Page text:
It was all about to unravel.

By late 2004, it had been 10 years since Cobián had seen his mother. He wanted to go home to visit his family in Colima — a medium-sized city 300 miles west of Mexico City. Would a birth certificate be enough to get him back into the United States legally? He wasn’t sure, and decided in January 2005 to use his false documents to apply for a U.S. passport. A passport was issued, and he flew to Colima, returning to the United States in December.

ICE, as the INS is now known, stands for Immigration and Customs Enforcement. ICE won’t reveal how it gets information, but a government spokesperson told the NW Labor Press that Cobián’s false identity was exposed in a routine check of death records, which may have been prompted by his use of the passport on return from Mexico. If Luis Mendoza had died in 1975, the federal government wanted to know, how had he acquired such a solid work record 20 years later?

On July 27, 2006, Cobián got a house visit from two employees of the Department of State, the agency that handles passport violations. He knew why they were there, and invited them in, admitting what he’d done.

Then they left, and he waited. He wanted to know what to expect.

Cobián is mystified by the process. Why would the government let him know they knew, and then leave him be? Did they want him to run?

But the road is no place to raise a family, and if he ran, he’d lose all that he’d put into their home.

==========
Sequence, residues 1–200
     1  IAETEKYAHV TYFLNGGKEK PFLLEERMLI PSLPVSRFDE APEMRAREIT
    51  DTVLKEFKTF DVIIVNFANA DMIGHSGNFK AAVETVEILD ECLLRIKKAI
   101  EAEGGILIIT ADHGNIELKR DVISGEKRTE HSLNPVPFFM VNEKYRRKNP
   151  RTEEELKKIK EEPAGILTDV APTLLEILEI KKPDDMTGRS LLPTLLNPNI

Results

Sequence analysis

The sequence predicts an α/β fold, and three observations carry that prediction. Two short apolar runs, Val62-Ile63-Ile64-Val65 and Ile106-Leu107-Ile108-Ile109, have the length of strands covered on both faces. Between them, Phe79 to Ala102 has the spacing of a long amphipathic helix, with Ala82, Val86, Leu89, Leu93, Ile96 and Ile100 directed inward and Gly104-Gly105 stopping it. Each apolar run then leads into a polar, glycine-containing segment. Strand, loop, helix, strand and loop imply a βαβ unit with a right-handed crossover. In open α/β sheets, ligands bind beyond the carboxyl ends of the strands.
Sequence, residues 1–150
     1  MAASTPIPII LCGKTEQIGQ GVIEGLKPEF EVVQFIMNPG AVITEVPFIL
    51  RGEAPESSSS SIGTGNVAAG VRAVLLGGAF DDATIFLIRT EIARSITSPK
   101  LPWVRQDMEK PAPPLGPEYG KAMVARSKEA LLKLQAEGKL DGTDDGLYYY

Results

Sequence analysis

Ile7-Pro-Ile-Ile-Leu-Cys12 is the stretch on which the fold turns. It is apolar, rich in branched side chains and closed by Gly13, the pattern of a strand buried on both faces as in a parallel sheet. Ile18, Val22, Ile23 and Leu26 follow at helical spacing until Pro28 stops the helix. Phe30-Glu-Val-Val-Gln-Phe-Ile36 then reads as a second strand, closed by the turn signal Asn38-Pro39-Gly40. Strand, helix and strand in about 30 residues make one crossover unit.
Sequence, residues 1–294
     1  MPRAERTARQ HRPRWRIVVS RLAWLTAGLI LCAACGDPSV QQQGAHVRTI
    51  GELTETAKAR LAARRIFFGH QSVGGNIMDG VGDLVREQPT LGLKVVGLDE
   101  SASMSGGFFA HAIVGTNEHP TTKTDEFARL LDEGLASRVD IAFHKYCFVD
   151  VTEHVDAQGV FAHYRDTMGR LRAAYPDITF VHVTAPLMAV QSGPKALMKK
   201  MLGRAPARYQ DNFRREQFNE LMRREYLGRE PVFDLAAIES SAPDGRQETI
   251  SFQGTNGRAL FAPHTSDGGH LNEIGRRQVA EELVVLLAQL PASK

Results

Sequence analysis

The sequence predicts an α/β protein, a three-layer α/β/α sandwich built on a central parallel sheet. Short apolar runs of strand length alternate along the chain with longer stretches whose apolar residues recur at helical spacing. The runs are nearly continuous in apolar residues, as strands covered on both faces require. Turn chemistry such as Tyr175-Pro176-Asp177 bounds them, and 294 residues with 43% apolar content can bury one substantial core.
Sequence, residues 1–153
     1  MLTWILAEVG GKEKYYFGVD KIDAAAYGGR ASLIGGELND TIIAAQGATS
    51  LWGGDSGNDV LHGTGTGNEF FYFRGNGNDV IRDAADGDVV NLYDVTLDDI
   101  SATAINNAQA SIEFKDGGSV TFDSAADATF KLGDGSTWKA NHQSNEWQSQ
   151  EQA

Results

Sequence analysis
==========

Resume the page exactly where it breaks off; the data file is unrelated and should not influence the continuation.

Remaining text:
He decided to stay: The time had come to face the music.

“I always knew it was a risk,” Cobián said. “I made a mistake. I lied. I have to pay the price.”

He had lived in fear of the visit. Now, in a way, it was a relief to have it over with.

A month passed. He called the agents on the cell phone numbers they’d given him, to inquire about the status of his case.

On Sept. 8, the answer came: a telephone call from the authorities on his union cell phone. Would he be at home later? They wanted to refund his passport application fee, in person, he was told. Cobián knew the jig was up.

Lucio cried when she heard the news.

“I didn’t want my kids to see me arrested,” Cobián said. “So I sent them to a cousin’s house and waited at home alone.”

At 7 p.m., several vehicles pulled up, and eight agents from at least four agencies, in bullet-proof vests with badges, got out — ICE, Department of State, Social Security, and federal marshals.

They searched the house, and took Cobián to an office, interrogated him there for several hours, then placed him under arrest.

He was held at the downtown Portland Justice Center over the weekend, and indicted Sept. 11 on three felony charges: making a false statement on a passport application, using someone else’s birth certificate to obtain a Social Security number, and making false statements on a 2004 immigration petition to allow his wife to remain in the country.

Cobián spent the next two weeks at Multnomah County Inverness Jail.

His arrest hit co-workers hard.

“We were all shocked,” said Savage. “It was like, ‘Luis has been arrested. What do we do?’ ”

Co-workers in Portland and Seattle knew he had a family to support. They reached into their pockets. It was enough to pay the family’s bills, but not enough to pay for an attorney.

Cobián was assigned public defender Thomas J. Hester, who worked out a deal. He pled guilty to the passport charge, on the assurance the government would drop the other two charges, and was released Sept. 28 on bond to await his sentencing hearing, scheduled for Dec. 21.

It’s a three-month limbo: Cobián is not allowed to leave Oregon, but he’s also not allowed to work, and he has kids to feed.

Union co-workers began delivering boxes of food; individuals set up direct deposit donations that now total $450 a week.

“It’s pretty tough for me to even accept donations,” Cobián said, “coming from a country where men are supposed to be the sole provider. But in the end you have to show humility.”